Sunday, December 13, 2009

The Crane School

The Original Crane School

Ah, the sweet taste of Corvus brachyrhynchos (Common Crow) which was recently consumed by my good friend and fellow local historican, James Roache. I was researching the Canton Postcard History and came across the glass ambrotype (above) of what was marked the Crane School. This image was taken sometime after 1854 and is a very early image. Folks who remember the Crane School are more likely to recall a very different building in Canton Center. Indeed, all the photos I have seen show an entirely different structure, and that is what puzzled me as well.

On April 18, 1854 a new school was dedicated in District No.3 (Canton Center) According to Daniel Huntoon, this house, when built was declared to be a building “which in beauty of architecture, completeness of design and adaptation, is unequalled” The land on which it stands has been owned and occupied by Major General Elijah Crane; for which reason the committee aptly named the school after Crane.

The Crane School housed students from the first grade to high school level. The first examination for high school level took place at the Crane School in 1866 and continued there until a High School was built in 1869. The school district system was abolished in 1868 and the Town took possession of the schoolhouses in 1870. From that time forward the “School Committee” directed all school activities.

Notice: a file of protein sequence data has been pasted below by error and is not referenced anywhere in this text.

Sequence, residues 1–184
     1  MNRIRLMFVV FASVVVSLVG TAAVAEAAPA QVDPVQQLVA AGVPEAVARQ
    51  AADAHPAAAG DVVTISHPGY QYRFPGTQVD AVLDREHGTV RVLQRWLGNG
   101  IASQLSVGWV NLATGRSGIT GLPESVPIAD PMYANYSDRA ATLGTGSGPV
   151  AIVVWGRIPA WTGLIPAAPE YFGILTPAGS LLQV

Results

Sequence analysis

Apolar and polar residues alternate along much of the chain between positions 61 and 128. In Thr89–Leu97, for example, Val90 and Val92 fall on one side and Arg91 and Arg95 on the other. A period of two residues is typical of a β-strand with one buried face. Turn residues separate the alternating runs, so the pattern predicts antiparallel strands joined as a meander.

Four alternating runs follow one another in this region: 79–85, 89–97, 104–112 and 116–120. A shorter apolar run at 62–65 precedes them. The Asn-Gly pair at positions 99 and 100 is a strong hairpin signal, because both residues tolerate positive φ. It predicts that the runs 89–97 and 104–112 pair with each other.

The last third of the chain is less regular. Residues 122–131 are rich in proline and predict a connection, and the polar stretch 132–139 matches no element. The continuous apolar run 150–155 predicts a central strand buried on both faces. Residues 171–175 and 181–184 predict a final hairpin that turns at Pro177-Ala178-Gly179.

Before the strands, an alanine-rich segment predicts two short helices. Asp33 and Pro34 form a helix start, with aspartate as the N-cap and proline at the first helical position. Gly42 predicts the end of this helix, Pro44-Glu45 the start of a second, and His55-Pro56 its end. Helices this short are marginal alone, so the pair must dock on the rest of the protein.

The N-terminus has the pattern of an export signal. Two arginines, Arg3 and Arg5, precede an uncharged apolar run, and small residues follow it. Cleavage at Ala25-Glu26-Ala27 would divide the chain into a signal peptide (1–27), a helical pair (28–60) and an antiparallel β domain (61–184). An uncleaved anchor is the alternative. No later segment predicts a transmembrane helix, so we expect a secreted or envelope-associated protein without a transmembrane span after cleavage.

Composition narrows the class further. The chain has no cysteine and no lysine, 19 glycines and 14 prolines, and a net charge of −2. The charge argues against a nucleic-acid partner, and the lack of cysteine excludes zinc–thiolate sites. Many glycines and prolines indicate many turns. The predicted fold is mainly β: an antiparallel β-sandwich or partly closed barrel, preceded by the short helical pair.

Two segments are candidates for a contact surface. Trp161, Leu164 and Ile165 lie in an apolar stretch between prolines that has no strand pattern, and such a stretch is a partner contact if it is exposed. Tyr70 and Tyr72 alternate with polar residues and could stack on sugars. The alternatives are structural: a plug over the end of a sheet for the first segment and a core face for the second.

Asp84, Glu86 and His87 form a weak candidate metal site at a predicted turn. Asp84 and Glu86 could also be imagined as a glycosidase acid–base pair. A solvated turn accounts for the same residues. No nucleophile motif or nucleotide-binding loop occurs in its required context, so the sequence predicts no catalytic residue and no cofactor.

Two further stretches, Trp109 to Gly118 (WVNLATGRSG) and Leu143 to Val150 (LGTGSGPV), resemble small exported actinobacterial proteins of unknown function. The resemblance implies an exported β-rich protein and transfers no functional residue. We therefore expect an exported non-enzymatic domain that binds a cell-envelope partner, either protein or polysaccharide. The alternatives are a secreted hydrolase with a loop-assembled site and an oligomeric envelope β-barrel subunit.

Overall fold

So, if the photo above depicts the Crane School, why do we remember such a different building as portrayed in the postcard to the left? Forty years after the original structure was completed, the building exhibited major deficiencies. Poor ventilation, heating, plumbing and a floor plan that could not meet the needs of the students and a burgeoning local population. By the turn of the century the defects were still not addressed, in particular the use of individual stoves for heating of the classrooms. By 1903, no major improvements were made with exception of needed repairs for a leaky roof, broken windows and other minor repairs or painting. By 1906, the town voted to spend $16,000 for some much needed improvements to the fifty-two year old structure. Architects from Boston were hired and they produce plans that completely changed the appearance of the building. The total cost of the remodeling was $16,966.80 and the Superintendent reported that “we have a modern substantial structure" ... The change has been so great both within and without that no trace of the old arrangement remains."

Indeed, the change was great. The roofline, was entirely recreated, new systems installed throughout, and the side wings extended. Some of the signature clues of the original building remained, however, and this is where Messrs. Comeau & Roache disagreed. I absolutely saw that the architects played off of the paladian windows, the fluted columns of the pediment and entrance and the decorative quoins on the corners and below the roofline. There were other smaller and obscure clues, and I felt sure something major had changed over time. But, Mr. Roache was having none of my folderol over this building, insisting it may have been another school that Canton children had attended but not necessarily located in Canton. Then, at the Historical Society I spied another photo lying on a display case. A casual glance at an exterior view of a schoolhouse with graduates in front resurrected the friendly argument. Mr. Roache listened to my case and promised to revisit this issue in the near future. Within a few hours the answer was found and we learn that the building had had multiple lives over it's 113 year history.